[T]he need to encourage debate on public issues that concerned the Court in the governmental-restriction cases is of concern in a similar manner in this case involving a private suit for damages: placement by state law of the burden of proving truth upon media defendants who publish speech of public concern deters such speech because of the fear that liability will unjustifiably result…. Because such a "chilling" effect would be antithetical to the First Amendment's protection of true speech on matters of public concern, we believe that a private-figure plaintiff must bear the burden of showing that the speech at issue is false before recovering damages for defamation from a media defendant. To do otherwise could "only result in a deterrence of speech which the Constitution makes free."
Non-Media Liability for Defamation of Public Officials
Whether the Gertz Court intended the Media/Non-Media distinction to apply in public official cases, is not so clear. While the New York Times case obviously involved a media defendant, the rationale offered by the Court would seem to provide protection to non-media speakers who defame public officials but who do not do so knowingly or with reckless disregard of truth or falsity. Uninhibited, wide open and robust political debate often occurs outside of the mass media. Untelevised debates between candidates for public office (none of whom are presently public officials), statements made by members of the audience at such debates, mass mailings of political literature that contains defamatory statements about public officials, and even the lone speaker passing out leaflets to pedestrians on a busy street are a few examples of situations where the potential defendant is not a member of the organized mass media. Few would argue, however, that the thrust of New York Times would extend to them as well as newspaper publishers and broadcasters.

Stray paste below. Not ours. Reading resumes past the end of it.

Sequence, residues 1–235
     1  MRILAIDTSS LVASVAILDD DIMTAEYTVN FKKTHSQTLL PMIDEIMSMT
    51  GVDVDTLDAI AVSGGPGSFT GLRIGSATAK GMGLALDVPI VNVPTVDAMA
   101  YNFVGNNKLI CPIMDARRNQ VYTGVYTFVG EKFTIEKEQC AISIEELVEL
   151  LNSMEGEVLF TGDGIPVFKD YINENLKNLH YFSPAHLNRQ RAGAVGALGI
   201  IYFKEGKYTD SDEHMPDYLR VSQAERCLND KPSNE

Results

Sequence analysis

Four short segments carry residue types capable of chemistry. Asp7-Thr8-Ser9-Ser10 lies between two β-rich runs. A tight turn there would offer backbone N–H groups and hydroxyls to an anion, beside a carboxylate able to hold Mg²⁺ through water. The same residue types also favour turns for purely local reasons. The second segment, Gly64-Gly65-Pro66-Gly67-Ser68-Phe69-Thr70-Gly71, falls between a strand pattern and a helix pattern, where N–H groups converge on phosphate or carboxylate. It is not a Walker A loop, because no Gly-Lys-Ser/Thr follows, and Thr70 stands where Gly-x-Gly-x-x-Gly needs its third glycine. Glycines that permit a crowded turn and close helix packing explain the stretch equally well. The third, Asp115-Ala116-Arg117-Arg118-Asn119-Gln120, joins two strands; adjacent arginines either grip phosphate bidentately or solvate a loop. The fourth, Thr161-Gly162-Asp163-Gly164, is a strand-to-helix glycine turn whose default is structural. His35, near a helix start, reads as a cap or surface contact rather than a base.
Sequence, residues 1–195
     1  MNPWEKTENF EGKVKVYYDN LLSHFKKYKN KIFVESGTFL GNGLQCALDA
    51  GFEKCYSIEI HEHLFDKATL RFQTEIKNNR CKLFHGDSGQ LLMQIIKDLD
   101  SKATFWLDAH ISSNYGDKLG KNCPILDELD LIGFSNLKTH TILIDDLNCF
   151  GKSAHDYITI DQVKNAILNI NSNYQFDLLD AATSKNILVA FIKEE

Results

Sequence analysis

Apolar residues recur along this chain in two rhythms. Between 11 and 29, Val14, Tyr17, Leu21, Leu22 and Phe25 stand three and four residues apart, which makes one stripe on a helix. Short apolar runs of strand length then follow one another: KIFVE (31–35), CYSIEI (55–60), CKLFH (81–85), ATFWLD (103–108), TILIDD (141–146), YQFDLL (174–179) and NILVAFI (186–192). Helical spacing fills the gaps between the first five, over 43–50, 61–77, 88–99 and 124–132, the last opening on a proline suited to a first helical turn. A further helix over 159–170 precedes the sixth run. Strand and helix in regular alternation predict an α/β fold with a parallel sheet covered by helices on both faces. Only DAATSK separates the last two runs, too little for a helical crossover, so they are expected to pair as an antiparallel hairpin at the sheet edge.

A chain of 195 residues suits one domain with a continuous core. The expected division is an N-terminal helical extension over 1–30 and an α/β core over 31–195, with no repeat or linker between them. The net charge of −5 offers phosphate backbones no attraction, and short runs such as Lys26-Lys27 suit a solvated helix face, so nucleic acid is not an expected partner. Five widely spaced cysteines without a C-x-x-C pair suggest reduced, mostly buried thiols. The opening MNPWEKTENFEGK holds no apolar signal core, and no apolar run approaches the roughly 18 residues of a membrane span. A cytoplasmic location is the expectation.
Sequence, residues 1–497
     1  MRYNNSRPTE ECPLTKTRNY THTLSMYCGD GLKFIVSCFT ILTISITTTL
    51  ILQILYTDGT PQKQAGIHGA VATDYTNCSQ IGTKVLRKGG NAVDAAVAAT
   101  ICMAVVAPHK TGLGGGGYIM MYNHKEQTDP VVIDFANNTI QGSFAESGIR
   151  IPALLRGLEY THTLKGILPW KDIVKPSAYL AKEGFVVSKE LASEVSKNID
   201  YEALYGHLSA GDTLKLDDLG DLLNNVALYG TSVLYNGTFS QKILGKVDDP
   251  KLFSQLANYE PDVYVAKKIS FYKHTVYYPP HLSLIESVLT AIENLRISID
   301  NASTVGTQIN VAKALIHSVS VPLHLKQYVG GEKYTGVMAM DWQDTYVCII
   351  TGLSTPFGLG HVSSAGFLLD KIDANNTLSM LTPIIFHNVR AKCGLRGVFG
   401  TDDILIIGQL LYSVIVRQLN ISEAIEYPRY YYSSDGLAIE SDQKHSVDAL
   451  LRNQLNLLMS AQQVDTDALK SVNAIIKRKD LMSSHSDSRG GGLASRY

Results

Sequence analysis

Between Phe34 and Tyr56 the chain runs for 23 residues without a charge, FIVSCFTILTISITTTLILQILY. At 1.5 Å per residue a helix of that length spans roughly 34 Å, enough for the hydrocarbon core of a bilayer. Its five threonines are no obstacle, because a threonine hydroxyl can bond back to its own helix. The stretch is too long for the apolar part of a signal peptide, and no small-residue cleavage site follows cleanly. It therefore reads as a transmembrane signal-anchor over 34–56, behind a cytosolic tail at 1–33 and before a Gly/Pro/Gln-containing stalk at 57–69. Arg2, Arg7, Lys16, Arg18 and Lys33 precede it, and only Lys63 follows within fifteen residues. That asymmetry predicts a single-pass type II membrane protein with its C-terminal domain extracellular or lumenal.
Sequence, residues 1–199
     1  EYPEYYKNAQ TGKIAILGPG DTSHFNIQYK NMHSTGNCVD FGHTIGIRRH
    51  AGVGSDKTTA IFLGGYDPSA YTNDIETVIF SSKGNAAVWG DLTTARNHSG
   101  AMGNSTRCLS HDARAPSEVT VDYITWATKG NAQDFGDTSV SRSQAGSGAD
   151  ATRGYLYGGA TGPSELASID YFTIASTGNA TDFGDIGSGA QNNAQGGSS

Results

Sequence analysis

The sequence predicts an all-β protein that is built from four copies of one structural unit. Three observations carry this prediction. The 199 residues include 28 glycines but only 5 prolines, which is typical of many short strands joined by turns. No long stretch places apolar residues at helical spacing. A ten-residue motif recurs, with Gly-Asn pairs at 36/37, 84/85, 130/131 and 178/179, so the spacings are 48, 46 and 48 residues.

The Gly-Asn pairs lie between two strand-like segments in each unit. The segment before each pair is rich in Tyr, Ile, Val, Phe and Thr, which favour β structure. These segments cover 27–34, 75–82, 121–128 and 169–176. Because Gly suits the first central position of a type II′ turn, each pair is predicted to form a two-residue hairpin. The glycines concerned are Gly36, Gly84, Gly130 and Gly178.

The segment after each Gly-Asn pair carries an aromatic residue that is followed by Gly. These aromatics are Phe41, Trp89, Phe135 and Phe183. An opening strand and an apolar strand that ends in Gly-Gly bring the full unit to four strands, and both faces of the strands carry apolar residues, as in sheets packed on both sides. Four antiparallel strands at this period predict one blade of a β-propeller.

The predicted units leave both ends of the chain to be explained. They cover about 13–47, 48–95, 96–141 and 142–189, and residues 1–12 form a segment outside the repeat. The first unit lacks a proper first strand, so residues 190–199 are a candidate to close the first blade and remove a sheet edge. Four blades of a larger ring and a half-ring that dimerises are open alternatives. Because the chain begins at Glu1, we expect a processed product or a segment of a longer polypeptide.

Proof of Fault
In the Hepps case referred to above, the lower court permitted the defendant newspaper to refuse to disclose its sources, pursuant to a state shield law. This raises the question of whether it is fair to impose the burden of proving both falsity and fault in a defamation case, and yet be denied access to information that might tend to show that the defendant media was negligent or reckless in relying on such undisclosed "sources." The issue was not addressed in Hepps. However, in an earlier case, Herbert V. Lando, a majority of the Supreme Court had ruled that a media defendant's news-gathering methods, thought processes, and editorial judgments, including copies of prior drafts of a news story, the reporter's notes, and comments from an editor, all were subject to "discovery:"